NAUGATUCK — Sylvia Mashinini Morse stood before more than 100 students at Naugatuck High School Tuesday morning and encouraged them to always follow their dreams.
“This is what I’ve learned: positive thinking will always produce positive things,” Morse said. “You never ever give up.”
Morse didn’t give up.
Morse grew up under apartheid in South Africa. She was an elementary school student in 1976 when the Soweto youth uprising occurred, which lead to the killings of hundreds of black children.
Many of the victims were high school students who were gunned down by police and military forces while they protested the government’s decision to make them learn in Afrikaans, the language of the white minority that ruled South Africa.
Seeing soldiers in the streets of South Africa was a normal sight for Morse.
“I remember running all the time from school to go home because there would be tear gas. There would be police patrolling through the streets all the time. Not even police, soldiers,” Morse said. “I know some of my friends died because sometimes you’d be running and there’d be a gunshot.”
But, Morse didn’t give up. She pursued her dreams of becoming an actress and got her first opportunity to get on stage in middle school. She continued to follow her dream of acting and became an accomplished actress, including acting in the South African movie Ipi-Tombi, the South African television series Ifa Lakwa Mthethwa and on an episode of the BBC series Soldier Soldier.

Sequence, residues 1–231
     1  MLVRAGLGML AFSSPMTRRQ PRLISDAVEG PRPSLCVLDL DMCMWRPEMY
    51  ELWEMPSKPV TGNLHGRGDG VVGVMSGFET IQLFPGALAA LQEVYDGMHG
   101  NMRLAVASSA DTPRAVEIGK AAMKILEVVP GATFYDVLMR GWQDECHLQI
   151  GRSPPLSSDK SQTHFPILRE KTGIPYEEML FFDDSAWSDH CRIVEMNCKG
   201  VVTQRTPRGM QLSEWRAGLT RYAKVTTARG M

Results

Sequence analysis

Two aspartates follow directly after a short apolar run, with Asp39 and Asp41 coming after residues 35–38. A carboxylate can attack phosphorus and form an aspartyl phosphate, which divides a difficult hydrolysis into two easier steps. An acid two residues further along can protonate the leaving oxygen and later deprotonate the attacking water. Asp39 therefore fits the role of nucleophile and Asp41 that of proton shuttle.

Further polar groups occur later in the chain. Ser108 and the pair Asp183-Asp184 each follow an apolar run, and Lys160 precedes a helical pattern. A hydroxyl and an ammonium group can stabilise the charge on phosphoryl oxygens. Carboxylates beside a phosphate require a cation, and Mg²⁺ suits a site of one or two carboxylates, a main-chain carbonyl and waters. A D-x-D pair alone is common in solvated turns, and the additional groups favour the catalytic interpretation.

Along the way she broke down racial barriers and became the first black air hostesses in South Africa. She flew with Bop Airways for four years, ultimately becoming the chief cabin attendant.
Morse ultimately met her husband on a plane while working as a flight attendant. After moving to the United States in 1998, Morse, her husband and their two children now call Naugatuck home.
Morse graduated from Naugatuck Valley Community College with an associate degree in theater in 2012. She most recently has been working on her screenplay, Haibo, which has garnered interest from director Tyler Perry.
While it was Morse who left an impression on the students, everyone gathered at the high school to honor her. Morse was recognized as Naugatuck’s African-American Mayor for the Day.
“Many people of all ethnic backgrounds tell their struggles, tell their life through the beauty of art, through music and theater. She is a playwright, she is an author, and she continues in that pursuit. That’s a special trait, when someone has those artistic abilities and shares those with others,” Naugatuck Mayor Robert Mezzo said.
Mezzo said Morse’s story is part of what makes Naugatuck and America the place it is.
“We are here today to celebrate the African-American mayor for the day. But really these celebrations are a celebration of our country. We are a country that comes from different places,” Mezzo said.